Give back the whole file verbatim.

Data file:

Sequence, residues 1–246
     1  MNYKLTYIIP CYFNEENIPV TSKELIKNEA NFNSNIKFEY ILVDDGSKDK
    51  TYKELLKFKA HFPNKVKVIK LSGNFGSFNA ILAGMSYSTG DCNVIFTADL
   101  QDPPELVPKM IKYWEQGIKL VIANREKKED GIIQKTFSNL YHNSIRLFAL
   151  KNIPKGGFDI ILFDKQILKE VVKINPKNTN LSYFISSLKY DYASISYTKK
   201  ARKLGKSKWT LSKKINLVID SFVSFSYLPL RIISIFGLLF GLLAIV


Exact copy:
Sequence, residues 1–246
     1  MNYKLTYIIP CYFNEENIPV TSKELIKNEA NFNSNIKFEY ILVDDGSKDK
    51  TYKELLKFKA HFPNKVKVIK LSGNFGSFNA ILAGMSYSTG DCNVIFTADL
   101  QDPPELVPKM IKYWEQGIKL VIANREKKED GIIQKTFSNL YHNSIRLFAL
   151  KNIPKGGFDI ILFDKQILKE VVKINPKNTN LSYFISSLKY DYASISYTKK
   201  ARKLGKSKWT LSKKINLVID SFVSFSYLPL RIISIFGLLF GLLAIV